David Warner’s IPL success mantras: Staying calm, hunting in a pack6 min read . Updated: 30 May 2016, 11:18 AM IST
David Warner's Sunrisers Hyderabad kept an inexorable tryst with destiny, pulling off an eight-run win to walk away with the IPL 2016 title
At various stages during the first two-thirds of Royal Challengers Bangalore’s chase on Sunday night, it appeared as if the highest score in an IPL final just would not suffice as far as Sunrisers Hyderabad were concerned. As it turned out, David Warner’s men kept an inexorable tryst with destiny, pulling off an eight-run win to emulate their erstwhile city counterparts Deccan Chargers and walk away with the Indian Premier League 2016 title.
Even when Chris Gayle was raining sixes and Virat Kohli extending his incredible form to yet another innings, Hyderabad kept their wits about them, believing that they had the resources at the death to pull the fat out of the fire. Once it came down to 47 off the last four overs—to be sent down by Purple Cap winner Bhuvneshwar Kumar and Emerging Player winner Mustafizur Rahman—it was almost a given that Hyderabad would be unstoppable even if 47 off 24 these days is pretty much in the batting side’s favour.
Bangalore raced to 100 in nine overs and were 114 in the 11th when Gayle was finally dismissed for a 38-ball 76. Warner said even when Gayle was going great guns, there was no dearth of confidence in his players. “One of the things that go through your mind where a guy like Chris Gayle is concerned, he’ll always keep going. The hardest thing is to try and maintain our composure while he’s going and playing like this. For me, when I spoke to the bowlers, I told them to keep backing themselves and our plan was to bowl wide to him and bowl slower balls," revealed Warner. “If he hits you for six, then so be it ‘well done, great shot’. We always knew if we get a wicket, or two wickets, it is going to be hard for the next person to come in and play their shots. So for us, it was about staying composed and having belief. That the players did have when we were out there."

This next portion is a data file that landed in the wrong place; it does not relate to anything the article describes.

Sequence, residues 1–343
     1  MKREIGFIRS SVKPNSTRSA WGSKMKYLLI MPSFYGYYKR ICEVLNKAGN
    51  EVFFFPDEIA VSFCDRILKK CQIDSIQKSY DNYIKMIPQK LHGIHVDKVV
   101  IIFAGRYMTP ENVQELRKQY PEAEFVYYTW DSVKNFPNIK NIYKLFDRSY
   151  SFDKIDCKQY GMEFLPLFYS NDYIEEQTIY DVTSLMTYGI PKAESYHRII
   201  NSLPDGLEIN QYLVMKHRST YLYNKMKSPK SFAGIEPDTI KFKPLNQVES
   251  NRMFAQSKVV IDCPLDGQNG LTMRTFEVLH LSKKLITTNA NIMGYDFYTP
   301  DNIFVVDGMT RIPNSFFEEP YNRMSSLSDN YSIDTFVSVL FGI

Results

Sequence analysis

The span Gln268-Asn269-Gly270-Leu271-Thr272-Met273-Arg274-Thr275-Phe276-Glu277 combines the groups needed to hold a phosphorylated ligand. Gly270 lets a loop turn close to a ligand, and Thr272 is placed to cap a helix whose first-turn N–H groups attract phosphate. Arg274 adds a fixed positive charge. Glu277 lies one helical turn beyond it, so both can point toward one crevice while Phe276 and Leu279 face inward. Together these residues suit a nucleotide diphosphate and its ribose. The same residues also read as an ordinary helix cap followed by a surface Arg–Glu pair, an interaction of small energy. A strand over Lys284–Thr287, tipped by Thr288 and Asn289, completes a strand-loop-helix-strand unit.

Hyderabad’s was a topsy-turvy innings. They began brightly through Warner and Shikhar Dhawan, and when Yuvraj Singh blazed away, 200 appeared a given. A typically soft middle-order collapse then seemed to set them back before Ben Cutting applied devastating finishing touches with an unbeaten 39 off just 15 deliveries, propelling them to 208 for 7. “I thought at one stage there that we might have struggled to get 180-190," conceded Warner.
“It was an exceptional knock and a great performance from Ben Cutting to come out and do what he did. We go back to the auction with the belief of our coach Tom (Moody) and (mentor VVS) Laxman, who had the belief that we needed another allrounder to be there just in case Moises (Henriques) was not fit or unable to play. But it worked that he played with us and adds a string to our bow and it paid off tonight at this venue.
“It will be inappropriate for me to say that I did it all on my own, that I made decisions myself because I well and truly didn’t. I had a lot of guys talking to me, on the boundary, whether coming on the field, Tom (Moody) himself. I had a lot of ideas bouncing off me and it was up to me to make the decision but without them guys coming to me and giving me the ideas, we wouldn’t be here today with the trophy sitting next to me and Tom."
“I am a firm believer that runs on the board in a final situation puts pressure on, and 208 to me equals almost 215-220 in these situations. But we knew that if they get off to a good start, it was always about staying calm. They were ahead of the game, they were more than 10 an over, and there was no panic from our bowlers. The best thing I can say about our bowling unit and being accountable as bowlers is they executed what they wanted to bowl. Yeah we won, but even if we were on the other side of the result, they kept on believing and backing themselves to execute what they go out to every day.